Self Catering in the Black Isle
Despite its name, the Black Isle, just north of Inverness, is not an island but a peninsula, surrounded on three sides by water – the Cromarty Firth, the Beauly Firth and the Moray Firth to the east
Black Isle Self Catering
Despite its name, holiday visitors do not need to go on a ferry to the Black Isle. For it’s misnamed and actually a peninsula surrounded on three sides by the waters of the Cromarty, Beauly and Moray firths.
Lying to the north of Inverness, the Black Isle has long been fabled for its productive agricultural land and fishing villages. Today, a popular tourism beauty spot, the Black Isle is compact and distinctive being just 23 miles long by nine miles wide at its broadest point. The origins of its name are now lost in the mists of time but there are several competing theories for the Black Isle, or an t-Eilean Dubh in Scottish Gaelic. The most likely, and prosaic, explanation is that ‘black’ refers to the rich, black coloured soil that has proven so productive for countless generations of farmers. Roughly oval in shape, the Black Isle can be reached from the main A9 road when travelling from the north or south and via the A832 from the west. Conon Bridge is the first village on the Black Isle from the north west, with Muir of Ord and Beauly delineating the remainder of the boundary.
Other major towns and villages on the Black Isle include Cromarty, Munlochy, Avoch, Rosemarkie, Fortrose, Tore, North Kessock and Culbokie.
Gael Holidays Homes has selected a number of interesting properties on the Black Isle that are guaranteed to delight every visitor. What we have come up with is an attractive mix of new and traditional in the Avoch, Rosemarkie and Cromarty areas.
As a base for exploring the Highlands, the Black Isle is well placed. But that is to do it a disservice. The Black Isle is a fascinating entity in its own right. It is steeped in history and tradition.
Because of its rich farming land the Black Isle was one of the first places subjected to the Highland Clearances and was resettled by sheep farmers. However, there is evidence of the Black Isle being occupied for thousands of years. It has supported communities since before Pictish times. The remains of a crannog at Redcastle and several cairns dotted across the Black Isle indicate the peninsula has been home to people as far back as 1900BC. There is a wealth of heritage in the Black Isle, from ruined castles to monuments that have remained almost untouched for hundreds of years.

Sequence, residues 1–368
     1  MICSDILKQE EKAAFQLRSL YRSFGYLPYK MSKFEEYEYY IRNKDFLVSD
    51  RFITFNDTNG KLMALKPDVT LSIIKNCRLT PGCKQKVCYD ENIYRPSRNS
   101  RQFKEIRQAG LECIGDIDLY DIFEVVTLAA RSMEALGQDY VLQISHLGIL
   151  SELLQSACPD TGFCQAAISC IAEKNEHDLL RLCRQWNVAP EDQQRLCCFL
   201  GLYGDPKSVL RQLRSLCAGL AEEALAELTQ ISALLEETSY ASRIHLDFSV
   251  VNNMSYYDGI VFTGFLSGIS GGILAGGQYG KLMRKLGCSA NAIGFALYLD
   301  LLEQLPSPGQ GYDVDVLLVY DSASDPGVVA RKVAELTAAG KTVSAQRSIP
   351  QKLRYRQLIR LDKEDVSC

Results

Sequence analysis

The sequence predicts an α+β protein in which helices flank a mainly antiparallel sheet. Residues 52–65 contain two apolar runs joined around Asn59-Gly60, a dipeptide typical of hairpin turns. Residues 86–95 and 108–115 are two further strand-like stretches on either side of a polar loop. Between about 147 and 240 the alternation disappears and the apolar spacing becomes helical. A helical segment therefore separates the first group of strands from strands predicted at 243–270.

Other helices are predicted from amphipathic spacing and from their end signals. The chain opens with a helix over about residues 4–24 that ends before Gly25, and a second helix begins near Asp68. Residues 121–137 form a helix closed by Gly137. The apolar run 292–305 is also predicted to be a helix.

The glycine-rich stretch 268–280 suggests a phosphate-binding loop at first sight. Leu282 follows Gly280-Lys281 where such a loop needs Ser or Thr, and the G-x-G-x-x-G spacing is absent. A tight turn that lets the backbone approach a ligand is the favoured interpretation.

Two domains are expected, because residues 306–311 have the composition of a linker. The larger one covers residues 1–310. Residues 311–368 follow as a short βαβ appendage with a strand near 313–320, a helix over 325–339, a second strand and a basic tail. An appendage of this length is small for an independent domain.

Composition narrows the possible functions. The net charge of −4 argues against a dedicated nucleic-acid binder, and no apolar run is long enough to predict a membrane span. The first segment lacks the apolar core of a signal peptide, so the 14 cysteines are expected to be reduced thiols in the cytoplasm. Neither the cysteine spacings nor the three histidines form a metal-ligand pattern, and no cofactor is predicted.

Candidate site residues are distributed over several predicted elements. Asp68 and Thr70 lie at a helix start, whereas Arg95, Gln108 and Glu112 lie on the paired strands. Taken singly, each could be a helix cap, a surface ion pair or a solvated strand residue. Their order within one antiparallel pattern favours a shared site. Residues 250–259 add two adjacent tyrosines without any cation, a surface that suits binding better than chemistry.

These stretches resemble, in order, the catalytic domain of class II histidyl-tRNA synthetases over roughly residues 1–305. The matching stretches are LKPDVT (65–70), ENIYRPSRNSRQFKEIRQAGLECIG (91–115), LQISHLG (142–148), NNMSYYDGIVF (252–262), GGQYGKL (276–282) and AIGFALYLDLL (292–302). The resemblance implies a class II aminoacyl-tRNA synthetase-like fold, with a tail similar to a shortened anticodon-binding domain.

There is a certain quaintness to the Black Isle. For instance, there are no large towns. The peninsula is dotted by small picturesque villages that huddle around a bay. The Black Isle is a great spot for a holiday – and for exploring – as there is a surprise around almost every bend.
We have holiday cottages, apartments, log cabins and holiday home accommodation available across the area taking in the coastal towns of Avoch, Cromarty, Rosemarkie and Fortrose. Rosemarkie has the best beach in the area and is a great place for walking and spending time with the kids and Chanonry point in Fortrose offers a links golf course as well as one of the best places in Scotland to see the resident dolphins play in the Moray Firth. The picturesque village of Cromarty, unspoilt by modern development, has more than its fair share of attractions and places to eat for its size.
For bird and nature lovers the Black Isle has much on offer. With Red Kites aplenty across the Black Isle you will need your camera. You can see thousands of wildfowl and wading birds in Munloch Bay and Udale Bay on either side of the Black Isle. Come an hour or two either side of high tide to be rewarded with spectacular views of flocks of flying birds. In autumn up to 5,000 wigeons feed , while if you want to see an osprey fishing in the water, late summer is the time to come. The Black Isle has lots to offer the holiday visitor.
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